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ClimaxMan

Bbbj Risks

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Filming a tasty looking WG this weekend for pics for her website, no charges involved, but been promised a rather nice sloppy blowjob. Am I taking a risk or should I settle for a bloody good handjob instead?

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She's taking the risk, not you.

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For me OWO is an essential part of the punt, and in most cases if possible, so is RO. I normally shower before and after, but part of my regime is to clean/swab/wipe my penis with antibacterial gel, and if I've done RO, I normally wipe my toungue, gums and lips with it as well. Tastes bloody awful, but it doesn't last too long, and I normally swill some breath freshener afterwards, and in the case of my slightly burning genitals (because I wipe the anti bacterial gel under the foreskin and all around the head), I normally follow up quite quickly with a shower.

I think it's a helpful preventative measure, otherwise I wouldn't do it of course. Does anyone else do this?

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I think it's a helpful preventative measure, otherwise I wouldn't do it of course. Does anyone else do this?

I just had a bbbj and on the strength of reading your post, decided to wash my knob off with a bit of mouth wash. I feel very fresh. And tingly.

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I just had a bbbj and on the strength of reading your post, decided to wash my knob off with a bit of mouth wash. I feel very fresh. And tingly.

Mouthwash is for the mouth you eejit! :P:lol:

Edited by Kayak

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She's taking the risk, not you.

Why?

The risks of STDs are in both directions, surely?

Also, to another poster, antibacterial wash: will it kill viruses?

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antibacterial wash: will it kill viruses?

Ask the right question, get the right answers, so they say. That's a good question and worth a Google I thought. According to Canadian health authorities, anti bacterials are no more effective at killing viruses on hands than normal soap.

"The use of antibacterial soaps and detergents is no better at fighting germs than regular soap. It's actually the friction of washing with soap and water that removes germ microbes.

Rubbing the hands together breaks down the germ wall so that it washes down the drain. The type of soap used is less important...

The addition of an antibacterial agent, such as triclosan, to soap provides the added effect of killing organisms. But these products actually require prolonged contact to work — minutes, not seconds. This is why many antibacterials are useful in settings such as hospitals. At home, however, the average person doesn't wash his hands long enough for triclosan to have the desired effect.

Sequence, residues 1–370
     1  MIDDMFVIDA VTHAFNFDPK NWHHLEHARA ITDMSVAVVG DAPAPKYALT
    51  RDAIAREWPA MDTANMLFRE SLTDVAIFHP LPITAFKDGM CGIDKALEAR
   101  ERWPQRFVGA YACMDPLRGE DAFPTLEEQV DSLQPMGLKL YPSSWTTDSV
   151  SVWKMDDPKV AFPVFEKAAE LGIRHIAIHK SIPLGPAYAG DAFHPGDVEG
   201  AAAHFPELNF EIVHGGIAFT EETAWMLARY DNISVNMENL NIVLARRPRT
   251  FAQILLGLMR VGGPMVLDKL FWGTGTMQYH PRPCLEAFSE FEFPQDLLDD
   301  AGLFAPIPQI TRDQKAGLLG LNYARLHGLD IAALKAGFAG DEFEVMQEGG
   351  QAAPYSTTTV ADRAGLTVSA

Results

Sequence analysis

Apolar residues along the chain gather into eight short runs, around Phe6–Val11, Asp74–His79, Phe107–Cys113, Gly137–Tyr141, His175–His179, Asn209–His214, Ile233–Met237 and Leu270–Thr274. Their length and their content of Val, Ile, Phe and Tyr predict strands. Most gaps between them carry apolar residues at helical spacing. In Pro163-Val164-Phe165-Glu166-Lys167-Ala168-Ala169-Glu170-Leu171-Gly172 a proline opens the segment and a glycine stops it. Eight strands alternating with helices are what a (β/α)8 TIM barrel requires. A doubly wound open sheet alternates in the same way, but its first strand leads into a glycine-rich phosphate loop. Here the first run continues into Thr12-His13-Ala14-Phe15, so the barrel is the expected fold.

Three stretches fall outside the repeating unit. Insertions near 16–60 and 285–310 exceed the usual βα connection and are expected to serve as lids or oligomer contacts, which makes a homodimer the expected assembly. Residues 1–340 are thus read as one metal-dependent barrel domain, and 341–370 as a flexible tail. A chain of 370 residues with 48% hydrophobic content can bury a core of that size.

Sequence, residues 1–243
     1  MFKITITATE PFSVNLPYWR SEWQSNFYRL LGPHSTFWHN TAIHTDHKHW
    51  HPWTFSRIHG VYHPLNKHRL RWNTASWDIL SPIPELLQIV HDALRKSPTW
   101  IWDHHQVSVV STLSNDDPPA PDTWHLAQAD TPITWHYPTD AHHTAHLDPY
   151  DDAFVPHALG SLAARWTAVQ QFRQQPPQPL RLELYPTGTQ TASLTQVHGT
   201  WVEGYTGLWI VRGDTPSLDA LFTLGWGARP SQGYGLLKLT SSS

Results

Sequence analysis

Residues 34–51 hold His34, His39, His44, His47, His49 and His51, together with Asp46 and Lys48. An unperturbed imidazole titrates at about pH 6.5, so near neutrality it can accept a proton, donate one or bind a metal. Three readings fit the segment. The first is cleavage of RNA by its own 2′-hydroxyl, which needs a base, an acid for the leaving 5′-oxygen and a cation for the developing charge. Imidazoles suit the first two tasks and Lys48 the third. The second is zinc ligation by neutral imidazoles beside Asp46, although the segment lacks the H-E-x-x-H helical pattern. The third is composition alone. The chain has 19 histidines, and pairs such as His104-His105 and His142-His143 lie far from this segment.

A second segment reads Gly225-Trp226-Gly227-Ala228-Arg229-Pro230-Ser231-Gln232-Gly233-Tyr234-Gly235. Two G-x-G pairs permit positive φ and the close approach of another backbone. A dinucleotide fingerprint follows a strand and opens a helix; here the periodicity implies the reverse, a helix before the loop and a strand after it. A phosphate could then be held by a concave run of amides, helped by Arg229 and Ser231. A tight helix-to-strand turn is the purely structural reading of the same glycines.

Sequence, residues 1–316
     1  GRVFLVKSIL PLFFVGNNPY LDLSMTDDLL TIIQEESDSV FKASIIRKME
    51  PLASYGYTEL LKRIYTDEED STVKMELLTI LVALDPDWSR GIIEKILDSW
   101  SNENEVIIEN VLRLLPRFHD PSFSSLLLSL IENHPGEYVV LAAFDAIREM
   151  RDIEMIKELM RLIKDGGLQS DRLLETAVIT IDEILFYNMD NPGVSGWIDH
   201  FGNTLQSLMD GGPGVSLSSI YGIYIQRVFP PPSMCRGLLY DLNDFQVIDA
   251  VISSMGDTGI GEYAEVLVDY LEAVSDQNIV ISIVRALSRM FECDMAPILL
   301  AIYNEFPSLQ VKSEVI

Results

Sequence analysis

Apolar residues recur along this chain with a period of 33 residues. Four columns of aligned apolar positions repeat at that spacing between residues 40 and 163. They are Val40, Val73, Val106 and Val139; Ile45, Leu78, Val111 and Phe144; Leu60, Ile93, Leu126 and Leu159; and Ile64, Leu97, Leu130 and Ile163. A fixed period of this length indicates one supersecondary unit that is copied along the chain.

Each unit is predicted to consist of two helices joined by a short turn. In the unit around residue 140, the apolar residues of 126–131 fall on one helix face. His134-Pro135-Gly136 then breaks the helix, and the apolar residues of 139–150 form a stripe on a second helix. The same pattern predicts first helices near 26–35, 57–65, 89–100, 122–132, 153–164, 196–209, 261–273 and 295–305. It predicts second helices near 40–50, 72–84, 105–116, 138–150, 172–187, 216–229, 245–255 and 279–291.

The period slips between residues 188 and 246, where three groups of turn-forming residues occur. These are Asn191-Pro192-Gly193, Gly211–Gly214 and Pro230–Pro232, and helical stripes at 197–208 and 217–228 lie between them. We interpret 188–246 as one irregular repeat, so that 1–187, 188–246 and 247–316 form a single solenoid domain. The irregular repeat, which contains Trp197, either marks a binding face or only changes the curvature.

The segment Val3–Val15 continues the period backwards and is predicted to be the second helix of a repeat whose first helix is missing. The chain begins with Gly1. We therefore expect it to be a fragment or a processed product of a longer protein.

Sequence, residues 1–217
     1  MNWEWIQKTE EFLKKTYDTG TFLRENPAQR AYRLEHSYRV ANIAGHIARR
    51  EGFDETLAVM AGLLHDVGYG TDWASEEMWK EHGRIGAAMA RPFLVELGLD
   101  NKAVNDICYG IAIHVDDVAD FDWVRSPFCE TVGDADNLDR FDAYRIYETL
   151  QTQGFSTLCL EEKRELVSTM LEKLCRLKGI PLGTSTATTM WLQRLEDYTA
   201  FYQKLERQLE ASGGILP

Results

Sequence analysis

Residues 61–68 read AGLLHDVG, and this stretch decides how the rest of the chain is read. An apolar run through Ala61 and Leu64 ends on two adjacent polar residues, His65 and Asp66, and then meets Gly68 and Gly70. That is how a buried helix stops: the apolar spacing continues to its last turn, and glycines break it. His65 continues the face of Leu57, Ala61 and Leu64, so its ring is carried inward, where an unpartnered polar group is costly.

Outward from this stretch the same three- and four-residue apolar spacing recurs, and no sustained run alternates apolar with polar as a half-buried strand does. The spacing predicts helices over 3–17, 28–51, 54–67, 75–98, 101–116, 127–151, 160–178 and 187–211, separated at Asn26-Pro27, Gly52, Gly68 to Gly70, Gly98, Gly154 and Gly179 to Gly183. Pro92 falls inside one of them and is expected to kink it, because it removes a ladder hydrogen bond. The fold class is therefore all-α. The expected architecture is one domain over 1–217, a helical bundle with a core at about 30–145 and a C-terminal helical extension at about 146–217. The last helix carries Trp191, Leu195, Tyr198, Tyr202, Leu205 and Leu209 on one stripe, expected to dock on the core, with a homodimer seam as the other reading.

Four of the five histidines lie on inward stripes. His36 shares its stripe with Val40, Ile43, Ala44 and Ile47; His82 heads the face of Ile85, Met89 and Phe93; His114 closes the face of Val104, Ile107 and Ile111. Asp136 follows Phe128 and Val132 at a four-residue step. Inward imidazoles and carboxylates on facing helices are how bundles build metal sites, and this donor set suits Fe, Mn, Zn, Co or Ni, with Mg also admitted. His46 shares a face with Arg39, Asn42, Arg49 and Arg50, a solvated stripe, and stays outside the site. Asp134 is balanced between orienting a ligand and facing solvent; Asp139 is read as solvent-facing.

Health Canada recently recommended avoiding products with triclosan because of concerns over antibacterial resistance. These cautions stem from the fact residue from chemicals, such as, triclosan can stay on hands and surfaces at low concentrations and could lead to antibiotic resistance.

Health Canada recommends proper hand washing with regular soap."

http://www.cbc.ca/marketplace/webextras/triclosan/antibacterial.html?triclosan

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Ask the right question, get the right answers, so they say. That's a good question and worth a Google I thought. According to Canadian health authorities, anti bacterials are no more effective at killing viruses on hands than normal soap.

"The use of antibacterial soaps and detergents is no better at fighting germs than regular soap. It's actually the friction of washing with soap and water that removes germ microbes.

Rubbing the hands together breaks down the germ wall so that it washes down the drain. The type of soap used is less important...

The addition of an antibacterial agent, such as triclosan, to soap provides the added effect of killing organisms. But these products actually require prolonged contact to work — minutes, not seconds. This is why many antibacterials are useful in settings such as hospitals. At home, however, the average person doesn't wash his hands long enough for triclosan to have the desired effect.

Health Canada recently recommended avoiding products with triclosan because of concerns over antibacterial resistance. These cautions stem from the fact residue from chemicals, such as, triclosan can stay on hands and surfaces at low concentrations and could lead to antibiotic resistance.

Health Canada recommends proper hand washing with regular soap."

http://www.cbc.ca/marketplace/webextras/triclosan/antibacterial.html?triclosan

Depends just what question is asked. I agree that triclosan in soap would have no effect, as triclosan needs time to be effective and you aren't going to immerse your hands (or anything else) in the stuff for a couple of hours. On the other hand, an alcohol-based gel or alcohol-containing wipe will reduce the population of bacteria on the skin as, e.g. will iodine solution or Dettol or TCP, since these work rapidly by coagulating proteins. They will kill viruses too. The catch, however, is that none of these will kill the whole population of bacteria or viruses, least of all any in an ulcer or in the urethra (which they won't reach). In other words, they may reduce the probability of transmission, but can't provide a guarantee...... and this is the point, biology is all probabilities, not the absolutes of physics.

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